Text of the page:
Here are a few ideas for your show booth:

 Ease and affordability:

If you’re attending a quick show and looking for ease and affordability, you can still make an impression with just a few items:

All of these aren’t necessary but having a few to highlight your brand will be sufficient for smaller budgets and shorter shows. Even with a larger budget, flags and banners should be a staple of your display.

Make sure all parts of your display fit together. You want them to create a full image of your brand, rather than simply state your name.

More expression:

Depending on your budget, and the other factors mentioned in this article, you may want to create a more fluid display, focused on interactive elements and immersion.

This doesn’t require an extensive amount of supplies. In fact, some of the most interesting booths are simple.

Here are some ideas:

    • Clothing/ fabric: cover your booth in fabrics your business uses or designs. Make it tasteful, such as a couch upholstered with your fabric. Or construct a small store that looks similar or has the same feel as one of your actual locations.


  • Travel: if you’re a hotel, create a bedroom that represents your style. Or put up wall murals that immerse your visitors in one of your locations.
  • Tech: visual aids are key. Give visitors something to play with, especially if your business is focused on virtual reality. Fly drones overhead, or keep them hovering over your booth.
  • Health: set up a medical center. It doesn’t have to be comprehensive but put products on display. Have professionals doing sample exams or consultations. Displays could simply be a flag with a red cross on it, waving high and in good view of traffic.


Examples of Incredible Booths

The following examples took their displays to the next level. Many have been able to make huge statements simply by sticking to their brand, using color, and dreaming big.

  • Nickelodeon with theme colors of green and orange, and known for sliming, they created a bold display simply by dangling large cutouts of slime from the ceiling and bathing their entire booth in green light.
  • Artisan by James Hardie- went 3D by creating a large cutout of the front of a home, to welcome visitors to their booth.
  • Hippeas- their display is a cute cardboard hippie van with their logo and colors and a side window to serve their visitors treats.

It doesn’t take a lot to make your brand stand out. You simply have to be conscious and creative.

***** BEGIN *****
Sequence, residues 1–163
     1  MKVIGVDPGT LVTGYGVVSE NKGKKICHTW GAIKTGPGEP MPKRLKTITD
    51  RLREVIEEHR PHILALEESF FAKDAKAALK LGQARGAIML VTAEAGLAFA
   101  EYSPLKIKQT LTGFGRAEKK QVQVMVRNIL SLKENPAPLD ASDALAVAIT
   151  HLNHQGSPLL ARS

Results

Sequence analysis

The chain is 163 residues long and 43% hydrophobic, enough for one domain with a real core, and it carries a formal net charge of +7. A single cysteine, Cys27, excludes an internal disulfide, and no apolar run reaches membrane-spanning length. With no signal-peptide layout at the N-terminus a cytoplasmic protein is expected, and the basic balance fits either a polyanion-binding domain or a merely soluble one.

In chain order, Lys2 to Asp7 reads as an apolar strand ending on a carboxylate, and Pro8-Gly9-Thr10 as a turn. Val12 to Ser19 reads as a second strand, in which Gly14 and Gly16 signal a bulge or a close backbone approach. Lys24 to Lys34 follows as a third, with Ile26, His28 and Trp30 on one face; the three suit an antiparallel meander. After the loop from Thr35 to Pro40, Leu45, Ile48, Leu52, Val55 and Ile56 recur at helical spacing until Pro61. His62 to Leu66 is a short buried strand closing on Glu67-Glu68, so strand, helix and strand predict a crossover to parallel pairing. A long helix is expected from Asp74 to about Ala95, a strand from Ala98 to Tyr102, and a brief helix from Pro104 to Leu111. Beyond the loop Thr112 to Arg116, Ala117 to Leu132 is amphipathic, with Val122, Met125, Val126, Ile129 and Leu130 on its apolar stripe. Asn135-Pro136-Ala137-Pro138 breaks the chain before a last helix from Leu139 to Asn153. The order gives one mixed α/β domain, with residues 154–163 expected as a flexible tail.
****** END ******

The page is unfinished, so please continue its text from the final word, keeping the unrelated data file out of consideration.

Type of show

For any show, you should want to impress the crowd with a great booth design. However, certain shows require less than others.

Factors to consider are: common practices for your industry, length of the show and target audience (Business to business vs business to consumer). Look into the previous years of engagement for the trade show you will be attending to see what others have done and strive to outdo them.

Set up/tear down

There are a lot of things to consider when it comes to setting up your booth and tearing it down after the show. These include:

  • Length of the show
  • Allotted set up time
  • Size of your booth
  • Budget
  • Transport
  • Manpower

It might not be feasible to set up a huge display that requires ten people and a lot of time to construct, especially if the show lasts only three days.

Remember that every piece you bring has to be transported to and from the show, and will require some level of skill or know-how to set up the pieces where they are designed to go.

Decide how easy you want to make this for your employees working at the show, if they will be the ones setting it up. If you decide on a more elaborate display, you may want to consider hiring a design/set up team or train your team beforehand.

Getting started with Best of Signs

Once you’ve determined your budget and registered for a trade show, you can start focusing on preparing and designing. Keep your focus on your brand and how best to represent it.

One of the trademark ways of representing your brand at a trade show is with an exhibition banner. Brands big and small use them for their flexibility, durability, and affordability.

Best of Signs has the templates, banners, and design tools to create a banner that represents your brand. Start designing your trade show banners, table covers, and more at Best of Signs.

You can leave a response, or trackback from your own site.

Leave a Reply

Your email address will not be published. Required fields are marked *